Misbelief #2 : “My daily life is no good”. The belief that nothing is really rewarding, that life is not worth the effort is another theme in those who are depressed.

            Misbelief #3 : “My future is hopeless”. Most depressive believes that they will not recover.

          We are influenced by our perspective of God. And our perspective of ourselves. Unresolved sin needs to be deal with. As we seek the Lord through prayer and personal bible study, the Holy Spirit will transform us to the following truths.

          Truth #1: “You are a creature of infinite worth and value.” The fact that God created you in His image and sent His Son to give His Life a ransom for your freedom establishes that you have worth and value.

         Truth #2: “Even a depressed person can find meaning and reinforcement in activity.” One of the keys to treatment is to get the depressed person activated and doing things. Nearly always, the depressed person finds that the doing of the activity is very rewarding. The daily life of the Christian comes from the hand of God and is lived by God’s call. It has worth because of that.

       Truth #3 : “God’s Word says that the future is not hopeless.” On the contrary.      “ we have been born anew to a living hope through the resurrection of Jesus Christ from the dead.”(1 Peter 1:3 RSV).

                        Mary T. found that praying and reading the word of God is a comfort to her. She again reaffirm her dependence on God and claimed Romans 8:28 ‘And we know that in all things God works for the good of those who love him, who has been called according to his purpose.’ Her depression disappears as she learns to cope with her present situation.

                        Mrs. Shirley W. however could not find comfort from prayers and reading the bible.

2.      Talk to a Friend.

                      Supportive friendships are important help in dealing with depression. The opportunity to talk with another person, to express the hurts and frustrations, to get encouragement and honest feedback are therapeutic in itself. Paul wrote in Gal 6:2  “Carry each other’s burdens, and in this way you will fulfill the law of Christ”(NIV)

3.      Get a Group to Pray.

                     Small cell groups and the Church itself can help a person suffering from depression by prayerful intercession. At times, practical tangible assistance such as babysitting, grocery shopping, a bag of grocery and even gifts may be helpful.

4.      Talk to a Pastor or a matured Christian.

                      James told us to look to our church leaders for prayers (James 5:14-15). A pastor or a mature Christian can help in counselling and offer guidance (spiritual direction). If available, the gift of discernment should be used to discover whether there is demonic activity and whether deliverance is needed.

5.      Seek Professional Help.

                    One should never be ashamed to seek the help of professional counsellors and psychiatrists. When we break a leg, we do not do not expect our pastor to heal it. We look for an orthopaedic surgeon. As we have seen, there are psychological and biological causes of depression. The counsellors can help us to resolve our psychological problems. Psychiatrists have medications that can help. Antidepressants have proven valuable in the treatment of depression. It enables the affected person to lead a normal life. Lithium is valuable for the manic-depressives.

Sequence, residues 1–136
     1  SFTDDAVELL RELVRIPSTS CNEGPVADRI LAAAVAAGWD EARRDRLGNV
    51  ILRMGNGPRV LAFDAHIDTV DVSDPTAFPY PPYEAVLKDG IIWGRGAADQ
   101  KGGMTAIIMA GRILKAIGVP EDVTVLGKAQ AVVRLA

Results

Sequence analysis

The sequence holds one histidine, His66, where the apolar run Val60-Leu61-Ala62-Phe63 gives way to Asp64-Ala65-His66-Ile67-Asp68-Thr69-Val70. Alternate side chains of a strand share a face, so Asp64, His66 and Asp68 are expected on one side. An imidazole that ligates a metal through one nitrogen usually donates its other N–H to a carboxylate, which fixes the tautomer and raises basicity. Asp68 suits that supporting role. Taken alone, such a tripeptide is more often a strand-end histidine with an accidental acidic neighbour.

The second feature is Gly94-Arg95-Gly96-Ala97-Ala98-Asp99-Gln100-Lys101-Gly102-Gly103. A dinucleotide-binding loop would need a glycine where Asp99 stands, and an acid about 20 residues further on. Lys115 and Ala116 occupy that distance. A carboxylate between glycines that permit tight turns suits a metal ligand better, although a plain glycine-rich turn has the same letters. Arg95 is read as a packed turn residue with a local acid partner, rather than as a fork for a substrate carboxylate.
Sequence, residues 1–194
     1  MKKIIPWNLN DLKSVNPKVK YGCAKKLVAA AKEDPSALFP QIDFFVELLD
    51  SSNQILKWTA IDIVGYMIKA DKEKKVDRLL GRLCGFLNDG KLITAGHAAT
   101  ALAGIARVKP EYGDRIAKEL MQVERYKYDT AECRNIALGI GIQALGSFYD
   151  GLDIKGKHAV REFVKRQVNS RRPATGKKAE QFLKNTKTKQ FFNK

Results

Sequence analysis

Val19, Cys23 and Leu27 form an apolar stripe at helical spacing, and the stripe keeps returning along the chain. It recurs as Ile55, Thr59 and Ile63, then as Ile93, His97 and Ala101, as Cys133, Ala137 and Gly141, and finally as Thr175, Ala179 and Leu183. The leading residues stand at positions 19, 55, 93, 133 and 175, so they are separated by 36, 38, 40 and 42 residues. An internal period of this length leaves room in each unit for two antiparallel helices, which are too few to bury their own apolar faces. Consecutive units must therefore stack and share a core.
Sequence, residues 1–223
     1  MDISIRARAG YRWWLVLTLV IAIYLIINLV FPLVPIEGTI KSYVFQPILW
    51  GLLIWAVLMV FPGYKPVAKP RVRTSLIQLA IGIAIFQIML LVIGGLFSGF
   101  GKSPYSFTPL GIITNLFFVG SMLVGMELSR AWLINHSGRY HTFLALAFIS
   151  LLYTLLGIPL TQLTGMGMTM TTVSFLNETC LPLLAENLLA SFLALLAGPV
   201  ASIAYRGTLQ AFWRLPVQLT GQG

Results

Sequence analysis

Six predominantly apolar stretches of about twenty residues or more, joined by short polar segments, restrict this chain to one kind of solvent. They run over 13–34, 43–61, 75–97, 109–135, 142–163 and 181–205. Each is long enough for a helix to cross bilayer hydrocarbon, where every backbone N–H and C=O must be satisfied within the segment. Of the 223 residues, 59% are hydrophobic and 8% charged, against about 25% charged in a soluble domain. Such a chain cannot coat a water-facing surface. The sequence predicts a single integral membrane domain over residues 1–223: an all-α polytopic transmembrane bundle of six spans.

Mrs. Shirley W. consulted a psychiatrist who diagnosed her as suffering from a major depression. He started her on imipramine ( an antidepressant). Shirley responded well to the medication and within a week was back to her normal self. She was able to cope with her family life and begin to enjoy church activities again.

 

Christians and Emotional  Problems

                   There are many misconceptions that Christians do not have emotional problems. That Christians cannot suffer from depression. Dr. Dwight Carlson writes in Why Do Christians Shoot Their Wounded? that the Church in general has not been sympathetic towards its own members with emotional problems. Their general attitude is that prayer and bible reading will heal all emotional problems. As we have seen in this article, certain depression such as reactive depression can be helped by prayers, bible reading and friendship like in the case of Mary T. Others like Mrs. Shirley W. need the professional help of a psychiatrist and medication.

                    Let me end with a La Nina story. A woman was alone in her house during a flood. She prayed that God would spare her life. A man came along in a four-wheel-drive vehicle and urged her to come with them to shelter. She declined, saying “ God will rescue me.” It kept on raining until the water came up to the front porch. She continued to pray.

              Soon some other men came along in a rowboat and urged her to come with them. Again she insisted, “God will rescue me.”

            Before long the water flooded her house. Forced to perch on the roof with her pets at her side, she pleaded with God for deliverance. A helicopter came along and threw her a rope, which she refused.

           The woman and her pets drowned. When she got to heaven, she asked God why he didn’t rescue her. He said, “I sent you a man in a four-wheel-drive, two men in a rowboat and even a helicopter- and you refused all those efforts. What more do you want?”

 

Related helpful articles

Connecting with Hope. An excellent interview with John Ortberg on depression and what his church is doing about it.

The Depression Epidemic (Dan Bazer). Good article in Christianity Today March 2009 issue

When You're Depressed (Mark McMinn) from same issue.

Light When All is Dark (Kathryn Greene-McCreight) also from the same issue.

The Gospel According to Prozac (Barshinger, Larowe and Tapia) Christianity Today August 1995

 

 

 |posted 1 May 2002|

|updated 25 March 2009|